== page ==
LCSD: No tax increase in $28.8M budget

Published 10:30 am Tuesday, June 16, 2015

The Lincoln County School District is expecting $797,000 more in state funding for the upcoming school year — $255,000 of that will go toward a mandated teacher pay raise. The district’s $28.8 million budget proposal, which doesn’t anticipate a tax increase, was presented at a public hearing Monday afternoon.

Cheryl Shelby, LCSD business manager, said another $111,000 of the state’s funding increase will go to schools to make funding more even. She looked at each of the four schools to see what was spent per pupil. She took the highest and made the other three equal to that amount.

“Now, whether they live in Ricky’s district or Jack’s they’re receiving the same dollar amount spent on their kid,” she said.

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In the new budget, district spending per pupil is $6,378.

The remaining state funds will allow the county to reduce expected transfers from other funds, such as savings accounts.

In the 2015-2016 budget, the highest expenditure is expected to be salaries and benefits. At $16,501,178, that makes up 84 percent.

“That’s pretty common in all public school districts,” Shelby said.

Expected revenue for the new budget year is $25.7 million. Budgeted expenditures total $28.8 million. The district is expected to have a $29.4 million fund balance at the beginning of the fiscal year.

“We wouldn’t [budget higher than revenue] if we didn’t have a healthy fund balance,” she said.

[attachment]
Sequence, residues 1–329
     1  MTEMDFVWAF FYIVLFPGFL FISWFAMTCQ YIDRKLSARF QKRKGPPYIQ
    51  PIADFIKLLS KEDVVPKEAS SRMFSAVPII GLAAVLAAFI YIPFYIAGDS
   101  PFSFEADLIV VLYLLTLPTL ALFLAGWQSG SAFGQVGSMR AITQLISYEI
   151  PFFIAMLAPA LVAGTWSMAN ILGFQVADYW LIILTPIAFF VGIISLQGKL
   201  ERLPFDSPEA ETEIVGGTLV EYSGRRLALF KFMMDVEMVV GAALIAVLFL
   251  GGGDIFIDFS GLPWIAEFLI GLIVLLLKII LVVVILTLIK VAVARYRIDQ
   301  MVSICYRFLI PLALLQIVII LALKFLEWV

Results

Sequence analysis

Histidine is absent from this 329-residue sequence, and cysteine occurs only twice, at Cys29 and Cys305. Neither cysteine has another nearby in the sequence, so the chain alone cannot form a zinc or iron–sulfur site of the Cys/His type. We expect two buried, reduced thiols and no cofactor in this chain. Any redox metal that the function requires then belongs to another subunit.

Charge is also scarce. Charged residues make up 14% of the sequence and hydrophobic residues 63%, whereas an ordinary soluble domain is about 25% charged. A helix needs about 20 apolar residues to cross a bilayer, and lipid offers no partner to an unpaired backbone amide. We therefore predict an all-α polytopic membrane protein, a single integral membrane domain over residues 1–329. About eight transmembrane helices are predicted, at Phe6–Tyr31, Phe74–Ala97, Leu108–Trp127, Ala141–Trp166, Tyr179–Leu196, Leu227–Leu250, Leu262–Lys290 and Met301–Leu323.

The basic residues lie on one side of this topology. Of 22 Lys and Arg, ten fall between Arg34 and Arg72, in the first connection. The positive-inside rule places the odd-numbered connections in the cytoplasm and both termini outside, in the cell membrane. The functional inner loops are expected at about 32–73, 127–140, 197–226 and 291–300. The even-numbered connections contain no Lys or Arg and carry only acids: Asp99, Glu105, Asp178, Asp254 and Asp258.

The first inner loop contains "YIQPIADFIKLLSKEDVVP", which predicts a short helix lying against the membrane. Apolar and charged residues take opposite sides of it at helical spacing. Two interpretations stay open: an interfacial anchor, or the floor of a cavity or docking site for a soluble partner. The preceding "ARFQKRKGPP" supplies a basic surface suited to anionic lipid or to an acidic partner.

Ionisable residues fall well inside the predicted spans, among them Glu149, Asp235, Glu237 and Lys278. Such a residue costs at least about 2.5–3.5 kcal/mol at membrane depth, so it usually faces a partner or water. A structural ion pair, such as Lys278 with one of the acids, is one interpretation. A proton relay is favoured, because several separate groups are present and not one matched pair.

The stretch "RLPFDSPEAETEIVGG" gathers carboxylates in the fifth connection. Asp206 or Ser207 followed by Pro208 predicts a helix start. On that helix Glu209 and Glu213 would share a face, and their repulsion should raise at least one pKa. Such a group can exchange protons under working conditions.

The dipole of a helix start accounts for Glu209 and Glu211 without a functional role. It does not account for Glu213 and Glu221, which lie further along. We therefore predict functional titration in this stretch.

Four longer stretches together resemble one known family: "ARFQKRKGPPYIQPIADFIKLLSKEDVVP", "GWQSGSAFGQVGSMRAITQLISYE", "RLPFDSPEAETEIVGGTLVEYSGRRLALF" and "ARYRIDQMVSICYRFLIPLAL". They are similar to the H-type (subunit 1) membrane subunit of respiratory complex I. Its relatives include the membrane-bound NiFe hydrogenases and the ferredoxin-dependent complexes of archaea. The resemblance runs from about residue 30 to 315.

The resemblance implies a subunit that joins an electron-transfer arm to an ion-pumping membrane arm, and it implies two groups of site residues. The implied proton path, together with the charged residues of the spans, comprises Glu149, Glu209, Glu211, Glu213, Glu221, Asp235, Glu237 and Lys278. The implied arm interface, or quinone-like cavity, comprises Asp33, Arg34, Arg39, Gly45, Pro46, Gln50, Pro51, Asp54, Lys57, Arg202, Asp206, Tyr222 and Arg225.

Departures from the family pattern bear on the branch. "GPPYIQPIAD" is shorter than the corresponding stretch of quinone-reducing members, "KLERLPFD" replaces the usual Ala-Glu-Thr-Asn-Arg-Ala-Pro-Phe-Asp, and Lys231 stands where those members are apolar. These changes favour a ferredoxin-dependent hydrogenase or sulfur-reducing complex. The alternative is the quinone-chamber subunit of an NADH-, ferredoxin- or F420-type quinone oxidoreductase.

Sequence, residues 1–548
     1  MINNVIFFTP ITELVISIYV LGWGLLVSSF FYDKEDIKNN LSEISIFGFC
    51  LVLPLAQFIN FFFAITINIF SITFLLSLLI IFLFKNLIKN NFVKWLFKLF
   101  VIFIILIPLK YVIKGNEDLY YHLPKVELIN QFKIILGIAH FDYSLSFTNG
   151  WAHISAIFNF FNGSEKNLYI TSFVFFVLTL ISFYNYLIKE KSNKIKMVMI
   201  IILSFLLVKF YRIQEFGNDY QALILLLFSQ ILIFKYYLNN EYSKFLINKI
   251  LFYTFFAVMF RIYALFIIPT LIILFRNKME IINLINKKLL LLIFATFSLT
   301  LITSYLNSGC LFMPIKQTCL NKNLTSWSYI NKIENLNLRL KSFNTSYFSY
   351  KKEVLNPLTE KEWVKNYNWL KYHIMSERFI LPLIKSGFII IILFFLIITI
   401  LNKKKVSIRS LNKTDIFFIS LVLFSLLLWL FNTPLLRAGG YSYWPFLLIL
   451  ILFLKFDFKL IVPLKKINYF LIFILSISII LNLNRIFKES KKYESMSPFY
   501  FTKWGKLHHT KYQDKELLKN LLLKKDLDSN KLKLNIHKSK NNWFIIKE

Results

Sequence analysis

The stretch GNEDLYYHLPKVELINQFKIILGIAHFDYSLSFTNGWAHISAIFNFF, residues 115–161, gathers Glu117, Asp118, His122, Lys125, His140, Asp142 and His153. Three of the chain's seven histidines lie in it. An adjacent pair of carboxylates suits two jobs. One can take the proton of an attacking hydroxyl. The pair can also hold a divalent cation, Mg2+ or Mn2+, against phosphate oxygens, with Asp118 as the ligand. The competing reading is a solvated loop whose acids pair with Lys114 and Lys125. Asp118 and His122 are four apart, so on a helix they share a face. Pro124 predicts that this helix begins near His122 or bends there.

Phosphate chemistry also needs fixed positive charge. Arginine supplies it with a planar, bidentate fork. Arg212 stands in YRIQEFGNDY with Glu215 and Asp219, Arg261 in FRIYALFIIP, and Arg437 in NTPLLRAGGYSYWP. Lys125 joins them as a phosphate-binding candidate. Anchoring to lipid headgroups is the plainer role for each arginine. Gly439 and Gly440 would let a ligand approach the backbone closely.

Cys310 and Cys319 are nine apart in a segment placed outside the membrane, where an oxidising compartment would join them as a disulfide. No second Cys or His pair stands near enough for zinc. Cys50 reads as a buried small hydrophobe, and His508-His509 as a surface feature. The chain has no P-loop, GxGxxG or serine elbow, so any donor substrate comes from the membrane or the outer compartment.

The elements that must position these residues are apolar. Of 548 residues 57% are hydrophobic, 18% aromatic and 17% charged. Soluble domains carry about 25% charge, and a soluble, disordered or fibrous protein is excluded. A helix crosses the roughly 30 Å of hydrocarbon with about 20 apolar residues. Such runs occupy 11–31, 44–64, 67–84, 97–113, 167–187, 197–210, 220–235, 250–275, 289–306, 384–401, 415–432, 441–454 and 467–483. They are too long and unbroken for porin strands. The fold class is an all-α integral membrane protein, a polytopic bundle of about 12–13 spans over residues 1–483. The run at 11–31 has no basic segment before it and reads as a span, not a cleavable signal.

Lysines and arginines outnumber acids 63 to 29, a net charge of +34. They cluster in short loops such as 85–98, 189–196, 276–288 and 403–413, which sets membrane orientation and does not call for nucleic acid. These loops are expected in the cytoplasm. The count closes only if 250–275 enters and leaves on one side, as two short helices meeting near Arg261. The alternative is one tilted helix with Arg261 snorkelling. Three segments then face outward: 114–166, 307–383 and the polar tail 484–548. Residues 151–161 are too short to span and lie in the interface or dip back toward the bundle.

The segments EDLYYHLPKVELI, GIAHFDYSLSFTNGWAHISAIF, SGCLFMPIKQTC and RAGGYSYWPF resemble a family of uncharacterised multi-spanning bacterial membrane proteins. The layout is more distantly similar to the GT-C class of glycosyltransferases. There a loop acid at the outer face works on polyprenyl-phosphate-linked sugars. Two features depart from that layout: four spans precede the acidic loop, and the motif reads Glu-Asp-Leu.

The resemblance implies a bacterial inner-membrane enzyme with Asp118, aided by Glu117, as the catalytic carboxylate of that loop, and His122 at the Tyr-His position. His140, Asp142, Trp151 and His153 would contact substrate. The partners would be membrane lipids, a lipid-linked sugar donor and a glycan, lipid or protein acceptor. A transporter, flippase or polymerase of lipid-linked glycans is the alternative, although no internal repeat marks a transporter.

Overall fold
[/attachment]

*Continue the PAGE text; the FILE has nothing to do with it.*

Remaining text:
One reason  for the higher spending than projected revenue is the district has several construction projects ongoing. Instead of borrowing the money, the district has saved up the money beforehand.

Shelby said in her 15 years with the district, they have never spent all that was budgeted.

The district’s local budget request is the same as was received last year.

“We don’t set mills,” she said. “We request a dollar amount, and the county sets the millage rate.”

For this past school year, the millage rate, which is used to calculate ad valorem taxes, was set at 52.84. It was an increase over the 2013-2014 school year when the millage rate was 48.78.

The district received more money than requested and put the extra dollars in escrow to reduce the money requested in 2014, which is why there was a drop in the district’s millage rate. Last year, the district’s request returned to an amount similar to 2013.

However, Shelby pointed out that the current millage rate is still lower than it was 10 years ago during the 2005-2006 school year when it sat at 54.15.

Shelby also pointed out that even if mils do not increase, property taxes can still increase if property values increase.

For the upcoming year, the district requested $4,158,638 in ad valorem taxes for operations. That number is based off the amount of ad valorem taxes collected from October to May ($3,301,991) and the expected collections from June through September ($656,792). The expected collections are based off of 2014’s numbers.

Shelby said by law the district could increase their amount request by 4 percent ($166,346) plus $130,391 for special programs. Shelby said they have not done so in several years because the school board recognizes the hardship that puts on the county residents. The district doesn’t have businesses to benefit from and instead must rely on individual property owners.

Local revenues make up about 16 percent of the district’s projected income, with state dollars making up the bulk of the revenue.

The budget will be voted on at a special board meeting to be held on June 29 at 5 p.m.

In other district business, the board approved Insurance & Risk Manager’s policy for property insurance for the 2015-2016 school year. This year’s policy is approximately $90,000 less than last year’s.

Shelby said Dennis Valentine at Insurance & Risk Manager’s said the policy will likely return to the previous amount next year. Because of this, Shelby said they will use the extra money for a one-time expense, such as the purchase of a new bus. Buses usually cost around $75,000.